10 Things To Know Before You Get A Sports Massage

10 Things To Know Before You Get A Sports Massage

Three trusted massage therapists share their pre-appointment tips.

1. Understand the Different Types of Massage

There are many different styles of massage, and it’s important to understand the nuances so you know exactly what you’re signing up for.
Some massages may sound exotic, but do little to improve running performance. For example, the Swedish massage is “just skin moisturising at best,” and a hot stone massage is “soothing but does nothing in terms of releasing tight muscle,” explains Leslie Goldblatt Denunzio, a marathoner and Brooklyn-based massage therapist.
So what should you book instead? Anna Gammal, a massage therapist who works with elite runners at the Boston Marathon each year and also massaged athletes at the 2004 and 2012 Olympics, recommends either a sports massage (i.e. targeted therapeutic treatment for the unique physical and biomechanical needs of athletes) or a myofascial release massage (i.e. the application of gentle, sustained pressure on soft tissue restrictions). Both specifically target muscle release and will help improve flexibility, reduce pain and increase range of motion.

2. Arrive Well Hydrated

Dehydration can stiffen the fascia and muscles, which translates to a more painful massage. Ensure you’re sipping adequate amounts of H20 before you hop on the table.
As for the commonly held belief that extra liquids are needed post-massage: that’s a myth, explains Gammal. “Massage does not release or flush out any toxins from the body, which means it won’t dehydrate you. Massage helps with recovery from lactic acid but doesn’t get rid of lactic acid.” Post-massage, you can just resume your normal hydration habits.

3. Keep That Pre-Appointment Meal Light

Save that heavy meal for post-session—or feast at least three hours before your rubdown. Aside from the obvious discomfort of lying face down with a full belly, massage naturally slows down your body systems—including the digestive process—which means overeating pre-massage will likely make you feel “really crappy” on the table, says Denunzio.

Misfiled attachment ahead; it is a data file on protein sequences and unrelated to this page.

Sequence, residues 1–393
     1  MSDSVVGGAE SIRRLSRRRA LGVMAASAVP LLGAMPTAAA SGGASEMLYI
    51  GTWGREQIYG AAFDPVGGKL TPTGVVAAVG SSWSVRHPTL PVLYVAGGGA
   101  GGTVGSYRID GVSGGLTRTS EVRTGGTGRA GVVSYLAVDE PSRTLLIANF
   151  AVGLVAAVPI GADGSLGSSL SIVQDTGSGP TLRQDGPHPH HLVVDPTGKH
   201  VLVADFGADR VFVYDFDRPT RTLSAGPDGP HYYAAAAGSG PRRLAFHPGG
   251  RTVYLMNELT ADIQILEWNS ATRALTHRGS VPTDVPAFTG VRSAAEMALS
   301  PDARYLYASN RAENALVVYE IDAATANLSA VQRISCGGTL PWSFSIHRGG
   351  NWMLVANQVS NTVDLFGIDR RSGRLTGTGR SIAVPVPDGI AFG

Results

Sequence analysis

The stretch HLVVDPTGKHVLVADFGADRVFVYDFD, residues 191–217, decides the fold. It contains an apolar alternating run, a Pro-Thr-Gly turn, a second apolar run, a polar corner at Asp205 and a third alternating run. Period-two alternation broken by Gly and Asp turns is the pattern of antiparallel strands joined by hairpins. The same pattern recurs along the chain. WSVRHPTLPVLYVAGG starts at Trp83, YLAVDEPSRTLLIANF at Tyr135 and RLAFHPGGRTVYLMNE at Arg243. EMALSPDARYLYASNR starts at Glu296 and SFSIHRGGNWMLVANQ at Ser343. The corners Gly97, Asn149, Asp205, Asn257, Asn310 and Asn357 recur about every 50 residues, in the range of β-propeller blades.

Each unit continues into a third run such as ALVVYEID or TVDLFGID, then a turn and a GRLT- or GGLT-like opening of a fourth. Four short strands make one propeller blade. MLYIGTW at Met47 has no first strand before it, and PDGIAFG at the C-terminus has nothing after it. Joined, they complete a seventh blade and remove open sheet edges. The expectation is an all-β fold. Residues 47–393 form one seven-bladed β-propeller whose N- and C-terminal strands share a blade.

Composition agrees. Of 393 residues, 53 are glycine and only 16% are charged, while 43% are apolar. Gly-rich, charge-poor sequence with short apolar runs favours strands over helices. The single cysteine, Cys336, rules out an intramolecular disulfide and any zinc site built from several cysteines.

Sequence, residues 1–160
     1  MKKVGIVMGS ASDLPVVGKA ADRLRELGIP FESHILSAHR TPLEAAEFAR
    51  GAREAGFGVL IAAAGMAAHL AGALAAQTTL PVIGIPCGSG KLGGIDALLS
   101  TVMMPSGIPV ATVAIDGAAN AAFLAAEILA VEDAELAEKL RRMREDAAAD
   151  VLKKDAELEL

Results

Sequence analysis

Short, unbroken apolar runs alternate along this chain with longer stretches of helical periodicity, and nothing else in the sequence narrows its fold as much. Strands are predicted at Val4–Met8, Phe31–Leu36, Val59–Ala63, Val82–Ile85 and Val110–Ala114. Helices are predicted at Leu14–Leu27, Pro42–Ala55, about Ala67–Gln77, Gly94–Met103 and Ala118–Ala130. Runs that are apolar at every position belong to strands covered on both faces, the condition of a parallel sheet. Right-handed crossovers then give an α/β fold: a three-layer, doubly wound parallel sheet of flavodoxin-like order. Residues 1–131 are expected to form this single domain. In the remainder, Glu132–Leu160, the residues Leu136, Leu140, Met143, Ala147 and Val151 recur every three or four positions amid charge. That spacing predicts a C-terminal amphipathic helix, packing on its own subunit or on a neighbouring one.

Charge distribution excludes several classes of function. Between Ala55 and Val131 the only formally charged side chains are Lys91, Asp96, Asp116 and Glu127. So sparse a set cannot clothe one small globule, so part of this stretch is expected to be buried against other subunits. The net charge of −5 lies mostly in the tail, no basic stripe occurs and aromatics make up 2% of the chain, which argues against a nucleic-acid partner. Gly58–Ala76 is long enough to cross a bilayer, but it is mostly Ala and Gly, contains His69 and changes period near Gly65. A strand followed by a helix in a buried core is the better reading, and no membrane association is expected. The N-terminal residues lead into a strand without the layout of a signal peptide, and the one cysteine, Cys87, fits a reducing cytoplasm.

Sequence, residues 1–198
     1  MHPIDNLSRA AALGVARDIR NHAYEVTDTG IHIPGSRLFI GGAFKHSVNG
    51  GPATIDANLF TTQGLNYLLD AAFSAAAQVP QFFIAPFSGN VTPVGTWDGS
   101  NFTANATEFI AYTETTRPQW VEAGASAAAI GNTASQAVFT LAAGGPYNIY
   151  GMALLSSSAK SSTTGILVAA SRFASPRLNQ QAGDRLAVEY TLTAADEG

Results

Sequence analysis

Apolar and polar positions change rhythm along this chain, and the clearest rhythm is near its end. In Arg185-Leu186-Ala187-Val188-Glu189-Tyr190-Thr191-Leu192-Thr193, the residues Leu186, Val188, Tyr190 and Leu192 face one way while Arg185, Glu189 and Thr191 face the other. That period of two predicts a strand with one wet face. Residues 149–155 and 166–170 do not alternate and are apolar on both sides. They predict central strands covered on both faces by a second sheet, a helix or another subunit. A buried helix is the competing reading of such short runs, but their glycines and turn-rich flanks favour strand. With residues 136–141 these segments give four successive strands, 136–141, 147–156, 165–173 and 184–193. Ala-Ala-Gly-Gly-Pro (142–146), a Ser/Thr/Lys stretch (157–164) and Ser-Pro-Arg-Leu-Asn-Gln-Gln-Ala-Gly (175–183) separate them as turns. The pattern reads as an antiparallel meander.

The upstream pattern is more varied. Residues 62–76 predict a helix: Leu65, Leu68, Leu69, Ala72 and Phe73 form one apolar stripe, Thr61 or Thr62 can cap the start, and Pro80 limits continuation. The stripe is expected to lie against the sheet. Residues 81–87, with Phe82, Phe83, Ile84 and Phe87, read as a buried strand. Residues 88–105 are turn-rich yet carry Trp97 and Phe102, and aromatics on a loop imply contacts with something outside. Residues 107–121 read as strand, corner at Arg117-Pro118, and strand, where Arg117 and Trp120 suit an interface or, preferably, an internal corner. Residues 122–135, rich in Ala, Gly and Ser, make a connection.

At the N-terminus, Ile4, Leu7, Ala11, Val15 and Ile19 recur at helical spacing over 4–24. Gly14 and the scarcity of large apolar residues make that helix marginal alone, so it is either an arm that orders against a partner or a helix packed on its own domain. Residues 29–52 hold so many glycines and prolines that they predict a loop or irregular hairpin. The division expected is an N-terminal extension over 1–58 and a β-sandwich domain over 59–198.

4. Don’t Expect a Spa Session

A sports massage—if done right—is not a trip to La La Land. “Be prepared to be move around, interact physically and to get “homework” to maintain the work performed,” says Rotenberger.

5. Pain Does Not Always Equal Gain

“Massage does not have to hurt to be beneficial,” explains Rotenberger, describing common philosophies like “just do what you have to do to get it out” and “bite the bullet” as counterproductive. “Therapy occurs when the client’s body is not bracing against the therapist,” she says. So if you find yourself in serious mid-massage agony? Pipe up!
“It is your body, your session, your outcome,” advises Rotenberger. “There’s a fine line between pain and discomfort, and it’s unique to the individual.” What’s more, deep pressure is not the same as deep tissue. It’s a common misconception, Rotenberger explains, and in reality, a therapist that is muscle-specific needs to exert little pressure to be effective.

6. Your Massage Therapist is Not Your MD

If you are dealing with a serious injury, and don’t have a diagnosis, definitely see a sports doctor. “Massage therapists do not diagnose,” says Denunzio. “It’s not part of our discipline.” And while a therapist can identify and attempt to alleviate any tightness and inflammation in the body, if a problem area doesn’t feel significantly better three days post-massage, you should likely consult a sports doctor then, as well. Once a diagnosis is given, your massage therapist can work with that information and use massage as a helpful tool in recovery.

7. Soreness is Normal

When you get off the table, your calves may be screaming at you, but don’t get upset and run home to your foam roller, says Denunzio. Soreness is normal and can even help reveal areas of weakness that should receive future attention. Within 48 hours, the tightness should dissipate, and if the massage was administered correctly, you may even feel like you’re in a new body.

8. Don’t Schedule a Post-Massage Workout

Doing so is simply counterproductive, warns Denunzio. “Let your body process what has just happened.” Wait until at least the next day to get back out there.

9. Instead, Take a Bath

Soaking in a concentrated Epsom salt bath later in the day after a massage can help continue the cleansing process and offset any soreness, advises Denunzio.

10. Consider Incorporating Massage Into Your Training Plan

“Athletes put so much effort into training, but very few athletes put effort into taking good care of body that helps them perform,” says Gammal, who recommends incorporating regular massage—even if it’s just a 30-minute session once a month—so as to prevent injuries and the overtraining of muscles.  Scheduling mid-training appointments can also reveal places that are tight and places that should be addressed in post-workout stretching. “Massage isn’t a luxury, Gammal says. “It’s an investment.”


Article adapted from Runnersworld